This is a shot of a clump of dogberries on the cabin property. There is probably a more scientific name for this type of bush but we call them dogberries where I come from (Mountain Ash, I believe).

My great-great-grandfather’s house was, literally, built on a rock. It hasn’t moved since it was built – look at those straight lines!

Here’s a shot of the rock underneath it just in case you can't imagine it/don't believe me. Fadder has the whole house jacked up in preparation for a poured concrete foundation so these shots are some of the last of this rock before it is hidden from the light of day.

The view from the front door. Lucky ducks, eh?

I am so proud of my parents for taking on this project. They plan to fix it up and retire in it and this type of idea has been a dream of theirs for a long time. Mudder’s best friend and her husband are conducting a similar feat just up the road from my parents old house. We had a tour of their house and, if it’s any indication, Mudder and Fadder’s will be just gorgeous when it’s complete. I will keep you posted.

Here's Iain on our flight home. Looks like he's really suffering, doesn't he? I was so worried about him on the way over that I developed a migraine for my first two days on the island. Ouch!

My thanks to Iain Daniel who is currently asleep behind me. It is my and Iain’s very first night alone with only the pets to keep us company. DH is gone to Ottawa for meetings for a couple of days.

On the painting front, our den has its first coat of red on it! Yes, I said red. Stay tuned for more details about painted rooms, birthday socks and my yarn winder. No shortage of blogging material this month!

Thanks, Mrs. H, for my surprise! I am both surprised and very flattered! I will add that lovely award to my blog just as soon as someone tells me how to do that...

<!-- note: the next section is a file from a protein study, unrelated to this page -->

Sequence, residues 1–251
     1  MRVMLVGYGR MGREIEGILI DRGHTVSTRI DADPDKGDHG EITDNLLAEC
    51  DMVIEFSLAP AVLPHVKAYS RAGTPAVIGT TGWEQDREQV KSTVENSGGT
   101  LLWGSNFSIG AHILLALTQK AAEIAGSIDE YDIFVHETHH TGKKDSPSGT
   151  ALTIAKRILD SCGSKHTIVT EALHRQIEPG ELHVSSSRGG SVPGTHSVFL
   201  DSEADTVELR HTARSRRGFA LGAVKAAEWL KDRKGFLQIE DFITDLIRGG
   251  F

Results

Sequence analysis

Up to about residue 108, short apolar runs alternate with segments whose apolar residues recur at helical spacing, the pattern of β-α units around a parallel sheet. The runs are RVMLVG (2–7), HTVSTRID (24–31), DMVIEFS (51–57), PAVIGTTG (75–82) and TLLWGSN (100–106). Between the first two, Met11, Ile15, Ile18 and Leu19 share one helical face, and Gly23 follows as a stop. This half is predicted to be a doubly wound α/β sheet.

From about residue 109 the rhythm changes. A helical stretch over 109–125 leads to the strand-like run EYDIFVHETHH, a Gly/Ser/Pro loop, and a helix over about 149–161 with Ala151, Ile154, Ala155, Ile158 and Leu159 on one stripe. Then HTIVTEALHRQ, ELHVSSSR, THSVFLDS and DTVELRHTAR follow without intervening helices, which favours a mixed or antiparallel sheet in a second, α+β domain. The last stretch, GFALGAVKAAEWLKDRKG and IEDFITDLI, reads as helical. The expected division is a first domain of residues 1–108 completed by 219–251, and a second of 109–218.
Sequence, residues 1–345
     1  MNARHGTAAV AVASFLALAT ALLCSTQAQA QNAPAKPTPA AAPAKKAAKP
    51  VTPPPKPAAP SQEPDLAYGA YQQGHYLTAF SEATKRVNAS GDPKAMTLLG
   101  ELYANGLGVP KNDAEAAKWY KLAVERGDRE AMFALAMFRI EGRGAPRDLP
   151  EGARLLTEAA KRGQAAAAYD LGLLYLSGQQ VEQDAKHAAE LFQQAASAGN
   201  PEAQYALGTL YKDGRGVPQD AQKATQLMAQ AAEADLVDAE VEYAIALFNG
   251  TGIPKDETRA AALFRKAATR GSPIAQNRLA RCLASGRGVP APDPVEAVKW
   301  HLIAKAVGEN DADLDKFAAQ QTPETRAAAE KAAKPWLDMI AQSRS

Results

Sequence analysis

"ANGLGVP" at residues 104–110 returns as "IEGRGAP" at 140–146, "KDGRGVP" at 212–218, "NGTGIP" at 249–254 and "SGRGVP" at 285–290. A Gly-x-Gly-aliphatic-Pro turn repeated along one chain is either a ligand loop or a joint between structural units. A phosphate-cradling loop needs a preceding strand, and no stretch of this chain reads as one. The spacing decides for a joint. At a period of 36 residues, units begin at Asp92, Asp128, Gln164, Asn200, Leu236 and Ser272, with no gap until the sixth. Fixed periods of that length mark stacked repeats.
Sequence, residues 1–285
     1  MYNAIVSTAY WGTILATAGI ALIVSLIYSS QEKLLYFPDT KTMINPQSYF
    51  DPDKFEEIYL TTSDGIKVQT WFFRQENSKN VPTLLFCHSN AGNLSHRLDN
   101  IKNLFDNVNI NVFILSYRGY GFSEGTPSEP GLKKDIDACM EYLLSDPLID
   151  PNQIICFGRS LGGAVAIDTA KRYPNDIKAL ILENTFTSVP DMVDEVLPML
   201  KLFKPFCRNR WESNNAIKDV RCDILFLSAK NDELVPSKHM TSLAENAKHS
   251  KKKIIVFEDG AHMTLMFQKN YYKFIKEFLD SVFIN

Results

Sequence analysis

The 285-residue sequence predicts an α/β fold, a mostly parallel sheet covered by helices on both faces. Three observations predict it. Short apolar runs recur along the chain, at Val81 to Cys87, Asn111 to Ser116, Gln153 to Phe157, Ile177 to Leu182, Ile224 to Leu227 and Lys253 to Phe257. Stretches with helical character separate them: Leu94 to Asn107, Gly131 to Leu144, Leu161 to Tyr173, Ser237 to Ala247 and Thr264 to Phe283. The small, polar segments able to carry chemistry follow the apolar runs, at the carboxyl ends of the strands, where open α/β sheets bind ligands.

Saturday, November 17, 2007

It's My Birthday!

Now, I’m not telling you that to receive any extra birthday wishes – I’ve already been spoiled. I’m telling you this because, on this day of me, one of the things I get to do is write a blog post. Hallelujah! Another great reason to get a year older! Actually, I think any day that offers you cake (in my case, double chocolate cheesecake. With Bailey’s. A là my husband. Can you say YUM?!? It’s one of the reasons why I married him. That whole ‘the way to a man’s heart is through his stomach’ is completely gender biased as far as I’m concerned) and presents is one to take note of. I doubt I’ll ever be embarrassed about my age (37 for enquiring minds) as I wouldn’t want to miss out on any cake and pressie opportunities!

Iain is currently sleeping in DH’s arms and I am typing in our very messy guest room with two of three animals, of the non-human variety, keeping me company. Checkers is on the prowl apparently. Ah, bliss!

I am going to digress from knitting a little further for another moment. One of the reasons I’ve been finding it hard to get computer time is due to the fact that we hired a painter to complete the painting we wanted done on our main floor. DH is working VERY long hours and, with the little time we have with him in the evenings and on weekends, we did not like sharing him with painting. Therefore, in a couple of weeks, we should have that aspect of moving completed and then I can concentrate on really getting the main and upper floors settled. Yeah! This is also the reason why I’m either sitting in a very messy guest room, kitchen or living room as those are the rooms holding the furniture and other assorted items from the den, bathroom and dining room.

Back to knitting. I am about to show you the FO that started me back into knitting a few falls ago.